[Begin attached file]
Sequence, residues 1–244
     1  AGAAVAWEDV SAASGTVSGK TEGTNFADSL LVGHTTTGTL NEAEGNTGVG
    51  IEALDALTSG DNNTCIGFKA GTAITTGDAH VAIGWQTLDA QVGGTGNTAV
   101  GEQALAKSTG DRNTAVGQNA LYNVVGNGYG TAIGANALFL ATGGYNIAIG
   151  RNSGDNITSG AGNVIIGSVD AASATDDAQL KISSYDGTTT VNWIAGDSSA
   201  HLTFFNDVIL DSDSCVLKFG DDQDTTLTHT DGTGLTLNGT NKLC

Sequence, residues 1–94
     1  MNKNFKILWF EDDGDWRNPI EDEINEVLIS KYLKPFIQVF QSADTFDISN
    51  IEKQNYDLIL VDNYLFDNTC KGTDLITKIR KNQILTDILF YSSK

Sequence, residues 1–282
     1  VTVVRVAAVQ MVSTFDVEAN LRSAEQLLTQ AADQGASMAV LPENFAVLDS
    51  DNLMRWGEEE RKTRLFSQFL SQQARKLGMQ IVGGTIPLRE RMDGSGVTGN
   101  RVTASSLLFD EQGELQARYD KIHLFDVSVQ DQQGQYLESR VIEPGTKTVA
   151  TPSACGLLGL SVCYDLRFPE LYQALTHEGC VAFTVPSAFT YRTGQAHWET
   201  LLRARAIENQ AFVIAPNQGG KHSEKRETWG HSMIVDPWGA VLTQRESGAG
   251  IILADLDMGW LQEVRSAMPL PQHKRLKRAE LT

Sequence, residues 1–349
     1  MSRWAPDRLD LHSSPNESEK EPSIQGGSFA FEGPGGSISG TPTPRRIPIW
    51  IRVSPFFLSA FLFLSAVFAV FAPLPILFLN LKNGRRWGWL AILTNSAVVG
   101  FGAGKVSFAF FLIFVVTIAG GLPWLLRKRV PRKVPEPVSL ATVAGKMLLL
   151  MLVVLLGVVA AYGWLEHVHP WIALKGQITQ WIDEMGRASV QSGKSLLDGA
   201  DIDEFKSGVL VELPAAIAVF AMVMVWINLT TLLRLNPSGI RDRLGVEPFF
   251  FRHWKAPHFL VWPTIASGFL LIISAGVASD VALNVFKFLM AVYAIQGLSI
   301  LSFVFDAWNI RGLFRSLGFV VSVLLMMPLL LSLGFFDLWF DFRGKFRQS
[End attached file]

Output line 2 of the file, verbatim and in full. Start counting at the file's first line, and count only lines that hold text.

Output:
     1  AGAAVAWEDV SAASGTVSGK TEGTNFADSL LVGHTTTGTL NEAEGNTGVG